COVID-19 and COBRA Continuing Healthcare Benefits
Apr 02, 2020
If you had healthcare benefits, but you lost your job or were laid off due to coronavirus, your healthcare coverage may have been interrupted when you and your family needed them most. Under federal law, most employers must offer you continued healthcare coverage—also known as COBRA healthcare benefits—after your employment terminates.
Access to COBRA healthcare benefits is particularly important when you or your family are facing major healthcare expenses. If you recently lost your job and are concerned about your ability to pay for medical expenses, from coronavirus or other serious medical conditions, you should be aware of your right to COBRA healthcare benefits.
Is my former employer required to offer COBRA continuing healthcare benefits?
If you worked for a private company or business that provided you healthcare benefits, your former employer must offer COBRA continuing healthcare benefits, with limited exceptions. For instance, COBRA does not apply to employers with fewer than 20 employees; to some types of religious institutions, like churches; or to certain governmental units and agencies.
Am I eligible for COBRA continuing healthcare benefits?
If you were receiving healthcare benefits from a qualifying employer, and your employment was terminated for any reason other than serious workplace misconduct, your former employer must offer you COBRA continuing healthcare benefits. In most circumstances, if you had healthcare benefits and were laid off for reasons related to COVID-19, you should be eligible for COBRA benefits.
How much time does my former employer have to provide notice of my right to COBRA continuing healthcare benefits?
If you were fired or laid off, you must receive notice of your COBRA rights no more than 44 days after your prior healthcare coverage terminates.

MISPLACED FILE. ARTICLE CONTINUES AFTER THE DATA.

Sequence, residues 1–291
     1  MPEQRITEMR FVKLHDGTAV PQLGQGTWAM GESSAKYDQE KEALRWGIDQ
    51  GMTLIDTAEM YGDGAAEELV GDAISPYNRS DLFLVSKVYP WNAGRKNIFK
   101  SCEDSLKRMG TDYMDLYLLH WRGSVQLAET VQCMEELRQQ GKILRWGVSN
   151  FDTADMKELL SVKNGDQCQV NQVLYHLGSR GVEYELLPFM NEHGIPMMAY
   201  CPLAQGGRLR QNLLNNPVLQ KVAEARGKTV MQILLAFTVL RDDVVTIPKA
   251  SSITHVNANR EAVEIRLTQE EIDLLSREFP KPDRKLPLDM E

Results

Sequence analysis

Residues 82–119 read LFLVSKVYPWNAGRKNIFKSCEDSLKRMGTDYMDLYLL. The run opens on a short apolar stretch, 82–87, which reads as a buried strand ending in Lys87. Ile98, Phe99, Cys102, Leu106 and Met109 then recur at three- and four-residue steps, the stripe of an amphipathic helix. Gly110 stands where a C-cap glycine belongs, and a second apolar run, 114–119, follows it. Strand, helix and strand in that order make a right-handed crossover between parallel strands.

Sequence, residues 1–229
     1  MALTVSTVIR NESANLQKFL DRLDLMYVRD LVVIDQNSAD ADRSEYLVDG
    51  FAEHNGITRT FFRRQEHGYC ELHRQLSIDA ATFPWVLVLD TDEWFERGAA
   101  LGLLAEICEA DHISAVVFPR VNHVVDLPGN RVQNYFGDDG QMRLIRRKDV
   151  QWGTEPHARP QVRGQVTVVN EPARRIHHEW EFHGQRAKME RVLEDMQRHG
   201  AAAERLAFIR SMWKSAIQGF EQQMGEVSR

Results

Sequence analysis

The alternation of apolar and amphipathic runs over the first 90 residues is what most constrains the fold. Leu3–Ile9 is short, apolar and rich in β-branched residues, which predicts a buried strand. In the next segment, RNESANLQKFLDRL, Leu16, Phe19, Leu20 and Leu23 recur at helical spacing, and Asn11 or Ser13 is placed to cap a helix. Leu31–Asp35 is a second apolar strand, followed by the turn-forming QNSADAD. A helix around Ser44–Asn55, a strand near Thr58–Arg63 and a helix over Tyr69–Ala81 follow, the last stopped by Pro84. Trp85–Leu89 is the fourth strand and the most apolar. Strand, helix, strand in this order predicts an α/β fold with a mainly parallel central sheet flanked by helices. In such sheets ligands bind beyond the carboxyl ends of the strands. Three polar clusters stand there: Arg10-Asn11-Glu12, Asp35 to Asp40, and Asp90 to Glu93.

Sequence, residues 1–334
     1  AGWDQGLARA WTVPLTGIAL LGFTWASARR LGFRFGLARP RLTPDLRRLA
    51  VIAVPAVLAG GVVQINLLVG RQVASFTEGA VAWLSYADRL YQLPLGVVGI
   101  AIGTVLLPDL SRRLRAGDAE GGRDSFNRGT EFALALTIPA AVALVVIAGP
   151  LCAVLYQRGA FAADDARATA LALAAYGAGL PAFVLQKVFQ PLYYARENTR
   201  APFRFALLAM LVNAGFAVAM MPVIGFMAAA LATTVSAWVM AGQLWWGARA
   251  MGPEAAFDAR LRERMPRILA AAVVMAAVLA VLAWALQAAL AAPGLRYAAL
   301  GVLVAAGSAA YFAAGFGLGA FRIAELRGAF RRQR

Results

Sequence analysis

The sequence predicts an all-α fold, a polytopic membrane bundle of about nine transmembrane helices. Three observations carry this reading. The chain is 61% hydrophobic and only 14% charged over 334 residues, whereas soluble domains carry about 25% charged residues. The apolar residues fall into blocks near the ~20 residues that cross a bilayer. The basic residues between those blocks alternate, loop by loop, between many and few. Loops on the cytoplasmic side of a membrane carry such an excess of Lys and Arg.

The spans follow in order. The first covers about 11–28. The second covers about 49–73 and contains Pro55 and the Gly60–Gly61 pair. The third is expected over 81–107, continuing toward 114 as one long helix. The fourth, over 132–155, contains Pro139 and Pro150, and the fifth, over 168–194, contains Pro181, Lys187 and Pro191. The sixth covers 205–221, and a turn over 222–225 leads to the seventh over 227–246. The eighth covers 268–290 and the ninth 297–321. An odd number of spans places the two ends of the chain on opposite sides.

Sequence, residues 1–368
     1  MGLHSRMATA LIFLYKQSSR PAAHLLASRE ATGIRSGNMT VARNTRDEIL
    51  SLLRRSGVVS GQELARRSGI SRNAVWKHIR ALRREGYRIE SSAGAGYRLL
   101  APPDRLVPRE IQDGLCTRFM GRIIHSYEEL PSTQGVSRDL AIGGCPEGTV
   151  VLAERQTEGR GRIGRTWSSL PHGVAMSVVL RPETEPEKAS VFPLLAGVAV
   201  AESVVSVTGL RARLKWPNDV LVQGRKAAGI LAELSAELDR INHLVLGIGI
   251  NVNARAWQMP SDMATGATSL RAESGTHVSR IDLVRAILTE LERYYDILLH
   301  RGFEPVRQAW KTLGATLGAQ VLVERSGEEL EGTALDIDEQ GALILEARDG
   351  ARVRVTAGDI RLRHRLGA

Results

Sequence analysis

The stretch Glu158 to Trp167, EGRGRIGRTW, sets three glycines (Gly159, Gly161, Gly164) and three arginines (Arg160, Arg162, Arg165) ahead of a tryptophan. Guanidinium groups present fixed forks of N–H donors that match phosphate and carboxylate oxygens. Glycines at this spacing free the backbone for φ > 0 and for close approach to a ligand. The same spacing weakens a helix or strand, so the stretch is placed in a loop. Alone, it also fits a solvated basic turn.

How do I apply for COBRA continuing healthcare benefits?
If you are eligible for COBRA continuing healthcare benefits, your employer (or a benefits administrator acting on your employer’s behalf) must provide you with notice of your right to COBRA benefits. In plain language, that notice must explain how to elect COBRA benefits, who to submit your election form to, and how much COBRA benefits cost.
How do I pay for COBRA continuing healthcare benefits?
You are responsible for paying the premiums for COBRA continuing healthcare benefits. Because these premiums include those previously paid by your former employer, your premiums will be substantially higher than what you paid beforehand. In the notice of your right to COBRA benefits, the notice must specify the amount of monthly premiums and where to send the payment.
My COBRA notice is confusing. What do I do?
If you receive a confusing COBRA notice, and you are not sure about how to elect continuing healthcare benefits, your employer may have violated its legal obligations under COBRA. If the notice has contact information for your employer or a benefits administrator, you may want to try reaching out to them first. If those contacts do not work, or if your employer or benefits administrator impede your efforts to apply for COBRA benefits, the attorneys at Baillon Thome Jozwiak & Wanta LLP can assist you with making a legal claim and preserving your rights.
I never received a COBRA notice. What do I do?
If you are eligible for COBRA benefits, but you never receive notice from your employer or a benefits administrator, your employer may have violated its legal obligations under COBRA. The attorneys at Baillon Thome Jozwiak & Wanta LLP can assist you with making a legal claim and preserving your rights.
What happens if I sue for COBRA violations?
In a lawsuit against your former employer or its benefits administrator for COBRA violations, you may be able to recover your medical expenses, as well as a penalty of up to $110 per day from the point the COBRA notice was due.
Contact Our Healthcare Benefits and Minnesota COVID-19 Lawyers
Baillon Thome Jozwiak & Wanta LLP is dedicated to protecting the rights of employees through Minneapolis, St. Paul, and the surrounding Twin Cities area. If you have been denied COBRA benefits, or if your efforts to obtain COBRA benefits were impeded or interfered with, our employee benefit lawyers want to hear from you. Contact us for a free initial consultation.